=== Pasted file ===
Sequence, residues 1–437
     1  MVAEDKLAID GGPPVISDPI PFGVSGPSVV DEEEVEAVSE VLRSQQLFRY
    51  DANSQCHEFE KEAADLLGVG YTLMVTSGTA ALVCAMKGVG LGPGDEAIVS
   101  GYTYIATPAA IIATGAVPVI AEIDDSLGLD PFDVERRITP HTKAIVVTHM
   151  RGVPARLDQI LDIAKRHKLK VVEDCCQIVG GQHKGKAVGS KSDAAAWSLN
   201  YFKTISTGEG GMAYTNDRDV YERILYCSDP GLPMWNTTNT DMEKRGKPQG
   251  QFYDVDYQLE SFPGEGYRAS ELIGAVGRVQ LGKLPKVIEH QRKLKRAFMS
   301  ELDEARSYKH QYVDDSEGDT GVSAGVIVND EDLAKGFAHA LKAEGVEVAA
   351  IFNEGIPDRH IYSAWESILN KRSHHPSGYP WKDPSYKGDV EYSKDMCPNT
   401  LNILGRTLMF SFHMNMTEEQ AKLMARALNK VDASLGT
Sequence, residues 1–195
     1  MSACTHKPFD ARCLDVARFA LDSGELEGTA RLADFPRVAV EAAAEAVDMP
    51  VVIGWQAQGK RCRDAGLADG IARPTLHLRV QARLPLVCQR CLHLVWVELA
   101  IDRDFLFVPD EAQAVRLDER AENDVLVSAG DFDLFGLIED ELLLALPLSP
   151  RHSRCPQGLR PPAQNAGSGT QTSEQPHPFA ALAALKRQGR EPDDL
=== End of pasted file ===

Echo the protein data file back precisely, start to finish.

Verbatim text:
Sequence, residues 1–437
     1  MVAEDKLAID GGPPVISDPI PFGVSGPSVV DEEEVEAVSE VLRSQQLFRY
    51  DANSQCHEFE KEAADLLGVG YTLMVTSGTA ALVCAMKGVG LGPGDEAIVS
   101  GYTYIATPAA IIATGAVPVI AEIDDSLGLD PFDVERRITP HTKAIVVTHM
   151  RGVPARLDQI LDIAKRHKLK VVEDCCQIVG GQHKGKAVGS KSDAAAWSLN
   201  YFKTISTGEG GMAYTNDRDV YERILYCSDP GLPMWNTTNT DMEKRGKPQG
   251  QFYDVDYQLE SFPGEGYRAS ELIGAVGRVQ LGKLPKVIEH QRKLKRAFMS
   301  ELDEARSYKH QYVDDSEGDT GVSAGVIVND EDLAKGFAHA LKAEGVEVAA
   351  IFNEGIPDRH IYSAWESILN KRSHHPSGYP WKDPSYKGDV EYSKDMCPNT
   401  LNILGRTLMF SFHMNMTEEQ AKLMARALNK VDASLGT
Sequence, residues 1–195
     1  MSACTHKPFD ARCLDVARFA LDSGELEGTA RLADFPRVAV EAAAEAVDMP
    51  VVIGWQAQGK RCRDAGLADG IARPTLHLRV QARLPLVCQR CLHLVWVELA
   101  IDRDFLFVPD EAQAVRLDER AENDVLVSAG DFDLFGLIED ELLLALPLSP
   151  RHSRCPQGLR PPAQNAGSGT QTSEQPHPFA ALAALKRQGR EPDDL